Family saved from eviction over 8 years after possession order
When the housing team at Miles & Partners received an order giving a landlord permission to issue a warrant for the eviction of one of our clients, our swift response enabled the family to remain in their home and recover their legal costs.
This was a case where a landlord tried to evict a family, comprising a married couple and their six children, on the basis of a possession order it had obtained eight and a half years ago. We represented the mother of the family – K. Significant rent arrears had built up in the years leading up to the original possession proceedings in 2008, mainly because of difficulties with housing benefit and a relationship breakdown within the family. When the possession order was made in November 2008, the arrears were very high, at around £9,000.
At that time, we helped to suspend an eviction warrant on the basis that K paid the current rent plus £5 a week towards the arrears.
There were a number of further applications by the landlord to issue a warrant when arrears built up again, and each warrant was successfully suspended.
Since that time K has made the £5 weekly payments – in fact, she and her husband paid significantly more than this. However, there were further problems with housing benefit and K had difficulties managing her benefit claims as she spoke and read no English.
By November 2014 the possession order was six years old. The court rules (CPR 83.2) provide that a warrant to enforce an order that is more than six years old can only be issued with the permission of the court and case law has established that exceptional reasons will be needed to persuade a judge to give such permission.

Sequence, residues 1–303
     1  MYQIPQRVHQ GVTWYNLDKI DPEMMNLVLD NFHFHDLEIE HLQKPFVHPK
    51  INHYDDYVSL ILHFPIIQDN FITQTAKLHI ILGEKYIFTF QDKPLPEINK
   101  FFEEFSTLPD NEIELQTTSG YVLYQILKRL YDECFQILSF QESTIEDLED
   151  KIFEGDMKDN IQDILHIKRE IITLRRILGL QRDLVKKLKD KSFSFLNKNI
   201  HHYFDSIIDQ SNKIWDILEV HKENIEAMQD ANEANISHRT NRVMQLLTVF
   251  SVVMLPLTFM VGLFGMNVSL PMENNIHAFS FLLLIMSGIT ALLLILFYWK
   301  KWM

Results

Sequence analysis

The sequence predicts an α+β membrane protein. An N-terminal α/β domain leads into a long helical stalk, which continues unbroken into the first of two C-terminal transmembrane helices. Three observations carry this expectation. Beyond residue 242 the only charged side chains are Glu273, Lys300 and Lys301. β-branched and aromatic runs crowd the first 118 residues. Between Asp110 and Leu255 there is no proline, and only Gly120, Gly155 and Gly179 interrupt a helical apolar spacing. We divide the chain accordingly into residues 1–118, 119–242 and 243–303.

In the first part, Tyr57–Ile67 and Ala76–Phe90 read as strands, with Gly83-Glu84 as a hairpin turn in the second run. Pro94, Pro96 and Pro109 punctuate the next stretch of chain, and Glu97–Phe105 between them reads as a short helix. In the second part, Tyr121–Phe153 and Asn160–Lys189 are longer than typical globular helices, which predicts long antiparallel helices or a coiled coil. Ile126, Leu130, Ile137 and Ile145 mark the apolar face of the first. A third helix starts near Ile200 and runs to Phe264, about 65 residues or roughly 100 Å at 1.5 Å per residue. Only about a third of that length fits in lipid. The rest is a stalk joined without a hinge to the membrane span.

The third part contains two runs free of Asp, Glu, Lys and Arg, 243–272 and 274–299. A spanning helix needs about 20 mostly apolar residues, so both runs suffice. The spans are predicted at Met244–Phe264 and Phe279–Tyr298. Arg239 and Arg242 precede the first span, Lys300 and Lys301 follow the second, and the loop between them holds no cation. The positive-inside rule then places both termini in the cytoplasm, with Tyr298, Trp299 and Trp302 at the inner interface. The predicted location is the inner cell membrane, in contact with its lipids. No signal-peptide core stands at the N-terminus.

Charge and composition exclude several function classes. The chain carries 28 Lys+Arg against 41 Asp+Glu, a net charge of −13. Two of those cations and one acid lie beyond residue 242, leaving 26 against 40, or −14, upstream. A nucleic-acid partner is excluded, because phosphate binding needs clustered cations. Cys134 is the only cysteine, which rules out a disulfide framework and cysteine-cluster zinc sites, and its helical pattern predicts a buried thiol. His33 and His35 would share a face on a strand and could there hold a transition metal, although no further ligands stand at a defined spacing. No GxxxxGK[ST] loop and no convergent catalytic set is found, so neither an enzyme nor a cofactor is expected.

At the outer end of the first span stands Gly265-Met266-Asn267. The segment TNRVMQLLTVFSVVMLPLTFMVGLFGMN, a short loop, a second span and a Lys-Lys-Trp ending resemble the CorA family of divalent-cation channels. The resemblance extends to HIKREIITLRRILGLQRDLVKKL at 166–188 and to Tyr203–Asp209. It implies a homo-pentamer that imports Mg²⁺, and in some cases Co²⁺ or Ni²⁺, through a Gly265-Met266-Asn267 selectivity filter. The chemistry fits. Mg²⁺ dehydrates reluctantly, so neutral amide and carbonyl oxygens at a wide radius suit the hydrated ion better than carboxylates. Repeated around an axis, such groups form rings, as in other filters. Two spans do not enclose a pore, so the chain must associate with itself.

2017, dealing with the eviction notice
The landlord applied, ex parte, for permission to issue a warrant for the family’s eviction in March 2017. The first the family knew of this application was when the court sent the order granting permission to Miles & Partners, as we were still on record as acting for K.
Award-winning housing lawyer Lou Crisfield arranged an urgent meeting with K and filed with the court, the same day, an application to set aside the order granting the landlord permission to evict.
We argued that there were no exceptional circumstances to justify the application to issue a warrant out of time. The existence of large rent arrears does not, in itself, constitute exceptional circumstances and the landlord had failed to address the correct test in its application.
The hearing of K’s application was held at Bow County Court and Alex Grigg from Garden Court Chambers represented K. The judge set aside the order, enabling our client and her family to remain in their home, and awarded K her legal costs.
The rights of a tenant
Should the landlord still wish to evict this family, it must take several steps which ensure protection for these vulnerable tenants. The landlord would need to serve a new notice of seeking possession and follow the rent arrears pre-action protocol. This involves engaging with the family to see what assistance they may need to deal with the rent arrears and housing benefit problems before the landlord could issue a fresh claim for possession.
For more information on housing law, please contact Lou Crisfield 020 7426 0400 or email firstname.lastname@example.org.
The contents of this article are for the purposes of general awareness only. They do not purport to constitute legal or professional advice. The law may have changed since this article was published. Readers should not act on the basis of the information included and should take appropriate professional advice upon their own particular circumstances.